In early 2010, Google announced that it was going to pick one city and build a gigabit fiber optic internet network there. Google had no idea that it would spark a pent-up demand for better and reliable internet service across the country. The telcos (AT&T, Verizon) and cable companies (Comcast, Time Warner) were monopolies that couldn’t care less about what was truly needed. (And still don’t.) Over 1,100 municipalities applied to Google’s Fiber for Communities initiative. It took Google by surprise.
Spiral Internet jumped in from the start, walking across the street to City Hall on the day of that announcement to meet with then Nevada City City Manager, Gene Albaugh. We asked if we could apply on behalf of Nevada City. His response was a resounding, “Yes!”
The event, and then video that were produced for that initiative, let us know that Nevada County wanted much faster internet. The promotion that came out of 95959google was outstanding. You can take a short trip back in time to remember what happened as a result of 95959google.com At Spiral, we knew Google would never pick us, but we also knew that we could build our own (and actually as it is turning out) better network.
Last month, Alphabet (Google’s new parent company) announced that it was putting a pause on deploying new fiber optic networks. Susan Crawford (author of “Captive Audience” and one of our heroes) today posted “Google Fiber Was Doomed From the Start” — an article on BackChannel that provides some good insight into why Google Fiber was going to sputter and die. Definitely worth reading.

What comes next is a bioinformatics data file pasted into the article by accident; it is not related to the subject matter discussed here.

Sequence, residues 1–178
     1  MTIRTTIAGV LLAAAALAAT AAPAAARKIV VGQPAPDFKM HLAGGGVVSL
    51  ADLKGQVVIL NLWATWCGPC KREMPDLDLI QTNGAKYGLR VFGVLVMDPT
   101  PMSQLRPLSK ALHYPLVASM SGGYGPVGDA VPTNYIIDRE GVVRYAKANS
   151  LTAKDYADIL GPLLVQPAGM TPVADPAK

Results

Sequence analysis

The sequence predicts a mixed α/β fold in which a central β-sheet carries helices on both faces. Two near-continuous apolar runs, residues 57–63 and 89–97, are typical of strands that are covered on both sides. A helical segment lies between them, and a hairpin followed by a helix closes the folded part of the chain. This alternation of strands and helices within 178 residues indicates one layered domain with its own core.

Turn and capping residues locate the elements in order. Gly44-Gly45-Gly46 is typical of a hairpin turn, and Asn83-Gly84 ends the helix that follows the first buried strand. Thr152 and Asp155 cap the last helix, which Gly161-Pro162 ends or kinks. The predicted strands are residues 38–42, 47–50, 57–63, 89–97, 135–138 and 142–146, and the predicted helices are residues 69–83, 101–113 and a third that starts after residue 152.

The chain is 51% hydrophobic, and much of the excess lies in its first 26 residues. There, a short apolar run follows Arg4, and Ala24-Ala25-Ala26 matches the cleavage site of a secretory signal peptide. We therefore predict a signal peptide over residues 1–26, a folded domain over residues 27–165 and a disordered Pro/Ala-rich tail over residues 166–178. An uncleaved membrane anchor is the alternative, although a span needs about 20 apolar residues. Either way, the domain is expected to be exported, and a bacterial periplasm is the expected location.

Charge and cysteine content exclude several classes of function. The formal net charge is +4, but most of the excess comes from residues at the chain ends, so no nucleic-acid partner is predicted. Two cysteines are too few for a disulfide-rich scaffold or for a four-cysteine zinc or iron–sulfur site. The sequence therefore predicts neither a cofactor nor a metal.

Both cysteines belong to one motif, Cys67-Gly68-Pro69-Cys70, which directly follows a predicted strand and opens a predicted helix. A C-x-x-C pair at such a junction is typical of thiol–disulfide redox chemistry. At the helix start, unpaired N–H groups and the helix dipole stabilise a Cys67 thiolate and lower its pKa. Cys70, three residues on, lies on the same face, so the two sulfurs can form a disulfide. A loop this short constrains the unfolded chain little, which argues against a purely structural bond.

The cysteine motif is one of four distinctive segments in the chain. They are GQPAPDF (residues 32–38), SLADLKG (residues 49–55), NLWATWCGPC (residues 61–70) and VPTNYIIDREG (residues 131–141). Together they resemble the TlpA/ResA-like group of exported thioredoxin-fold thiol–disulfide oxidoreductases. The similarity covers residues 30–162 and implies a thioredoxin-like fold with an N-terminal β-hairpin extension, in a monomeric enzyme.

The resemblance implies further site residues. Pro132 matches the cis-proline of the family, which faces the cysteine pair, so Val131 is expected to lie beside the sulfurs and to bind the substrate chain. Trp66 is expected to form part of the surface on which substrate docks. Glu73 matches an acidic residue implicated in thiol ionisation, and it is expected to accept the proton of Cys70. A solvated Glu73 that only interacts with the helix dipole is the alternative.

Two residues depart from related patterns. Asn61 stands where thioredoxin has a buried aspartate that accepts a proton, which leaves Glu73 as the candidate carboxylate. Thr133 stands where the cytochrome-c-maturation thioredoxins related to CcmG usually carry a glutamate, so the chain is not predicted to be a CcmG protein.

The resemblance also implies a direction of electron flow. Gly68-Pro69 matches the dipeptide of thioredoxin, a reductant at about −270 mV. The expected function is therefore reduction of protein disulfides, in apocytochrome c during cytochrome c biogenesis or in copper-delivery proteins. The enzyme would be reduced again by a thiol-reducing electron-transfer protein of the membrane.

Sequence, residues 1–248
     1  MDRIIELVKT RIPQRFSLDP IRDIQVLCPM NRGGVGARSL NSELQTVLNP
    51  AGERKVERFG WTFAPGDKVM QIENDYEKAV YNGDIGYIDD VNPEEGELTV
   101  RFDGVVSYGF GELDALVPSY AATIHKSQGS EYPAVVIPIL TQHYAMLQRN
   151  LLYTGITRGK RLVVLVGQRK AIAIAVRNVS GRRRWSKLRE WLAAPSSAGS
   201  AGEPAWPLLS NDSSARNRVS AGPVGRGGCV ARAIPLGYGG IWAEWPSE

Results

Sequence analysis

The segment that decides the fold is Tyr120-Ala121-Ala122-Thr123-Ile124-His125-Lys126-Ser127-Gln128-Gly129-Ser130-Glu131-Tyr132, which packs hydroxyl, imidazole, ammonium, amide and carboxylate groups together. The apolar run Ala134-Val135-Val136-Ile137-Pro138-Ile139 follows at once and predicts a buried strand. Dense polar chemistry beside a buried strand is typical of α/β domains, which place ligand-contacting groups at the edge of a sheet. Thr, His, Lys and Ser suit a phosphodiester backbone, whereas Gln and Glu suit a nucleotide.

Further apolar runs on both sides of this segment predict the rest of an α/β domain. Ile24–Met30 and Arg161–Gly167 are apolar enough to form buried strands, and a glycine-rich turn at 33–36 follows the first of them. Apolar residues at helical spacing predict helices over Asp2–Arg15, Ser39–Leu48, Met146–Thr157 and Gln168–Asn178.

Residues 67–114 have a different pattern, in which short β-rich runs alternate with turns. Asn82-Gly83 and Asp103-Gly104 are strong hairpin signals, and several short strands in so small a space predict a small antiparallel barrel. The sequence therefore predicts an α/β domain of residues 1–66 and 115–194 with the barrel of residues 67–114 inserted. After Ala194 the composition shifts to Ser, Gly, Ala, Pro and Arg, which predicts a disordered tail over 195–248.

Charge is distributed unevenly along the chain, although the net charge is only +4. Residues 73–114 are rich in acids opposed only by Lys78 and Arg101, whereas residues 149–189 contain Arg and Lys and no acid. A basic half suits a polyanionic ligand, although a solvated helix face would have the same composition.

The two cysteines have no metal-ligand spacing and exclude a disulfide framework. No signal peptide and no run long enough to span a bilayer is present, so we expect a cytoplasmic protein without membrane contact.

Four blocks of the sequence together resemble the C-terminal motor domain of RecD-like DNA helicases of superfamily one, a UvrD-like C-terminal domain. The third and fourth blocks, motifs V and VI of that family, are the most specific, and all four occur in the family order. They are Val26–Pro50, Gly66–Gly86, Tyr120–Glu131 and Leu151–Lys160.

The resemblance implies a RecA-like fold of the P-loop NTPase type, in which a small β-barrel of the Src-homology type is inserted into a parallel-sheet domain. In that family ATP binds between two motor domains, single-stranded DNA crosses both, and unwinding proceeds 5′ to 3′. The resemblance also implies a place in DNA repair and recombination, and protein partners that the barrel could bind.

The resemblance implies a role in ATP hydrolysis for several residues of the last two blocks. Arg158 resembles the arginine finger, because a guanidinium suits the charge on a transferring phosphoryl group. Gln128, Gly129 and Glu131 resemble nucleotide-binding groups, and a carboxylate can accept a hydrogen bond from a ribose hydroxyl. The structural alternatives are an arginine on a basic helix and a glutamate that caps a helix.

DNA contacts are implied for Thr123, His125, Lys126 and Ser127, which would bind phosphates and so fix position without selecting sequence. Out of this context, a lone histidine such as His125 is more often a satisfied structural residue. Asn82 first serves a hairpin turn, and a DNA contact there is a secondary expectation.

We know that it is expensive and time-consuming to build new fiber optic networks. It takes insight and fortitude to make it happen and go the course. We also know that the communities that go forward with these builds will prosper in ways that we can, now, only imagine. Large telcos, cable companies and corporations that are accustomed to astronomical profits year after year, cannot see the benefit of investing in long-term sustainable projects. But smaller regionally-based ISPs and municipalities do see that value.
Once Spiral breaks ground later this year — and residences and businesses begin to have access to unlimited symmetrical gigabit internet access — we will see that magic begin to transpire. In hindsight, we’re glad Google didn’t pick Nevada County. And that we did.